It also imposes penalties on providers who are not in compliance.Those penalties include fines, jail time, or loss or suspension of license.On the eve of the HIMSS18 Conference & Exhibition (March 5-9 in Las Vegas), the U. Senate provided the biggest boost yet to the already surging momentum behind electronic prescribing for controlled substances (EPCS). The legislation would direct healthcare providers to use EPCS for Medicare Part D transactions beginning in 2020. Senators Elizabeth Warren (D-MA), Michael Bennet (D-CO), Dean Heller (R-NV), and Pat Toomey (R-PA) introduced the aims to reduce the number of opioids obtained through fraudulent prescriptions or doctor shopping.State legislatures, meanwhile, have more than matched the fast-moving federal legislative activity.As of March 1, seven states (NY, ME, RI, NC, VA, CT, and AZ) have already passed EPCS mandates, and 13 states have introduced EPCS mandates (CA, MD, GA, OK, IN, TN, SC, MA, PA, NJ, IL, TX, and MI.). And not a moment too soon: In 2016 alone, an average of 116 people per day died from opioid-related drug overdoses, and 11.5 million people misused prescription opioids.Electronic prescriptions would generate real-time information on opioid use and streamline the prescription process for both providers and patients.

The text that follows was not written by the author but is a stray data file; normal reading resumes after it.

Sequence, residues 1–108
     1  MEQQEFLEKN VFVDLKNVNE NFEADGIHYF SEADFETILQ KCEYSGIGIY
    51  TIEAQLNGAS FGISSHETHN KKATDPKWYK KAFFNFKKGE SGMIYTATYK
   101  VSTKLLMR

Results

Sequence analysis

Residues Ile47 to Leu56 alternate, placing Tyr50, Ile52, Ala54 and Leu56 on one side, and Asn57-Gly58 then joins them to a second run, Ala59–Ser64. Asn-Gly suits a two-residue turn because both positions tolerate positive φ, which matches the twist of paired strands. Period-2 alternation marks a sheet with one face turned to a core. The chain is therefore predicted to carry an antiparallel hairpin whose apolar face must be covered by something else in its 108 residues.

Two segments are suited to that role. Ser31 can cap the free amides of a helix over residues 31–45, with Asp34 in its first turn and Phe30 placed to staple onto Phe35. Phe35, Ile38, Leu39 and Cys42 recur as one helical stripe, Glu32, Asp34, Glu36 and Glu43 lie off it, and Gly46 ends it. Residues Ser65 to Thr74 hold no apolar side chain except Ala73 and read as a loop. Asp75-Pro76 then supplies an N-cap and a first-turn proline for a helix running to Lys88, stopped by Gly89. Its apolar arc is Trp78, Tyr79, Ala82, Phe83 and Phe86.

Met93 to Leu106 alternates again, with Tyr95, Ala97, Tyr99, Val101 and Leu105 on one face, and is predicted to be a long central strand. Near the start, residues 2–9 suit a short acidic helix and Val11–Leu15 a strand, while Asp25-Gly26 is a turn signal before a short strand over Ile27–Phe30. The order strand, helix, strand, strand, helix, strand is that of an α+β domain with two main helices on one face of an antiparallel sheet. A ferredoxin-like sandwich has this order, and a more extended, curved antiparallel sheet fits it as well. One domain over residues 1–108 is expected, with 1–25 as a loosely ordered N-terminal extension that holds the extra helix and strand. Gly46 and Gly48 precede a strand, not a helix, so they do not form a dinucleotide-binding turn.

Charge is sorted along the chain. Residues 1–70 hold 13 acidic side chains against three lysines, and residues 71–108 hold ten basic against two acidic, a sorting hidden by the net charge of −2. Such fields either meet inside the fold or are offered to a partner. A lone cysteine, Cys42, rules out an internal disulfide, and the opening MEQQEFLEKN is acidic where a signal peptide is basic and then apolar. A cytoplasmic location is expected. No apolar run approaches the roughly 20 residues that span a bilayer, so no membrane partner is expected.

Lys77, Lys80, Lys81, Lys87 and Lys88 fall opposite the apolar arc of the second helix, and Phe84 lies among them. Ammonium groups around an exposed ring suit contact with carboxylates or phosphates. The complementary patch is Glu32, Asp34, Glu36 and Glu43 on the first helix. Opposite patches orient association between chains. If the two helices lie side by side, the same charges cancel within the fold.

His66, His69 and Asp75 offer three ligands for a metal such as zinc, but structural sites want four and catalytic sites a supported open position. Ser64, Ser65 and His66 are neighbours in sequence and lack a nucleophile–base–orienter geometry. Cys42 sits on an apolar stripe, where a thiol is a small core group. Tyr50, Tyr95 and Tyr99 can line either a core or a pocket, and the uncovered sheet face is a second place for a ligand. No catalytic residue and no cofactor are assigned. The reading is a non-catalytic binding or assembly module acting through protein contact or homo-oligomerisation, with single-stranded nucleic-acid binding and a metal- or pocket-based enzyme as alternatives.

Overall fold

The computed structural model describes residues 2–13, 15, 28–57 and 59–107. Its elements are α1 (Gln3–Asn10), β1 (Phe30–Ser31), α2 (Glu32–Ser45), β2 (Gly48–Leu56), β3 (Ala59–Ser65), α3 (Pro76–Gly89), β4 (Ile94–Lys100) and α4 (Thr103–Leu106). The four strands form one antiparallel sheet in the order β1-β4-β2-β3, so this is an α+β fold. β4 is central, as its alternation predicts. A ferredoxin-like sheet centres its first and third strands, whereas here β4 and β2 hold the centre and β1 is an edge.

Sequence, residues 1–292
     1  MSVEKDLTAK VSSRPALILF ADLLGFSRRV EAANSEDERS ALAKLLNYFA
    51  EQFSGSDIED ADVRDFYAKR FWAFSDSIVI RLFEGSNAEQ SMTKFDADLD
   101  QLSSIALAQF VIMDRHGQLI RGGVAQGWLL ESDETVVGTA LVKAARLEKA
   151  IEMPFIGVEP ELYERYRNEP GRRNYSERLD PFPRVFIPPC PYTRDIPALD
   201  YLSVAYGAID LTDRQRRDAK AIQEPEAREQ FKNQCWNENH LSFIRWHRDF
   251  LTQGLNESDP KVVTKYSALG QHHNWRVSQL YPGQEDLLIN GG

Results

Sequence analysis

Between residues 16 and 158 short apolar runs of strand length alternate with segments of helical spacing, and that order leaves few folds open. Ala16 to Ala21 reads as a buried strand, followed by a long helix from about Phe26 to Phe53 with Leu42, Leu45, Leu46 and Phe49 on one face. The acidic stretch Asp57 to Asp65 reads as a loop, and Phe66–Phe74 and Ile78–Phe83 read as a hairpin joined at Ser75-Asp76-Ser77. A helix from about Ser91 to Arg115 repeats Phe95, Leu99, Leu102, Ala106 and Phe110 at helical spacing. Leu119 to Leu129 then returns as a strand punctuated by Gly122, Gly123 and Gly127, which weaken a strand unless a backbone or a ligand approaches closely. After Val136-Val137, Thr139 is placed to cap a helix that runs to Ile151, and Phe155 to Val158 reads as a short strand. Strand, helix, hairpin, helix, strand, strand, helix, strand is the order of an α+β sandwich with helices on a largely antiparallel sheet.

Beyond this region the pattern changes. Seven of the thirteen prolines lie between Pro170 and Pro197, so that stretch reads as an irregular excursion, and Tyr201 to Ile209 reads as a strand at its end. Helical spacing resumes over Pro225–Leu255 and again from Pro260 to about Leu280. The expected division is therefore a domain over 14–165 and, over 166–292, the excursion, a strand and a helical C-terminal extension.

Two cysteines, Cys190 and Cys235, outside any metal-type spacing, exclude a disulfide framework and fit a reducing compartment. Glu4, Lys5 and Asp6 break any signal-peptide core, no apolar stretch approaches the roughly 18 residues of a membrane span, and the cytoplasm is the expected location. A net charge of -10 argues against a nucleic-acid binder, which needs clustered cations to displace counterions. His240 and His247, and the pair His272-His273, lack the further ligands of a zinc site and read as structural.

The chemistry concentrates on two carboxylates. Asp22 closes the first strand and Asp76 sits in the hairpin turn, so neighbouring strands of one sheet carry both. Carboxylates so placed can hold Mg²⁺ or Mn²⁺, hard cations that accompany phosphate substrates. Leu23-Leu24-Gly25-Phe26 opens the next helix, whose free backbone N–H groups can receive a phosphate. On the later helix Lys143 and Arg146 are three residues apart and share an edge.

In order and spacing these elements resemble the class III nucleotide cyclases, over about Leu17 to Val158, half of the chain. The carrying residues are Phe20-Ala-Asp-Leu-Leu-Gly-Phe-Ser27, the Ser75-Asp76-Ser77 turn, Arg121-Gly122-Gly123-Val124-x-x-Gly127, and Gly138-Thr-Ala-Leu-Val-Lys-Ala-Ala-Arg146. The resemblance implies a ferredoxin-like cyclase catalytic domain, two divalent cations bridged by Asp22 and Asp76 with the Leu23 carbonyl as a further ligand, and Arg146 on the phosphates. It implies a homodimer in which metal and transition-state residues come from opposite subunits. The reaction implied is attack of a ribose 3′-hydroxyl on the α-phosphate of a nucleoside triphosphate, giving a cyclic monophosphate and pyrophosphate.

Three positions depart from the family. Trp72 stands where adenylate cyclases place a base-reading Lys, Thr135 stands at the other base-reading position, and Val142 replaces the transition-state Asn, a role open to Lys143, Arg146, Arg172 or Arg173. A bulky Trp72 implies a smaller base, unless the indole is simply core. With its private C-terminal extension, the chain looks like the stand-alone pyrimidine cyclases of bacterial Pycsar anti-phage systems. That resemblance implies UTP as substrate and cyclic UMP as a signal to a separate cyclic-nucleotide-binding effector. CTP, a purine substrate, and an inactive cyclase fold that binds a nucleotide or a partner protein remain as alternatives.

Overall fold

Valerie Pillo is an analyst at DRG and specializes in physicians industry topics. “It has also greatly reduced handwriting errors and increased continuity of treatment for chronic pain patients as there are significantly less delays in getting prescriptions now that they are only between the pharmacy and prescriber.” New York began implementing the I-STOP law in 2012, which required prescribers to use e-prescribing for controlled substances.The 2012 law also included an online, state-wide registry database that tracks a patient’s history of opioid use and can limit or entirely prevent doctor shopping.Maine’s law also creates the Prescription Monitoring Program, sets limits for the strength and duration of opioid prescriptions, and is expected to reduce mistakes associated with handwritten scripts.E-prescribing controlled substances is now legal in all 50 states.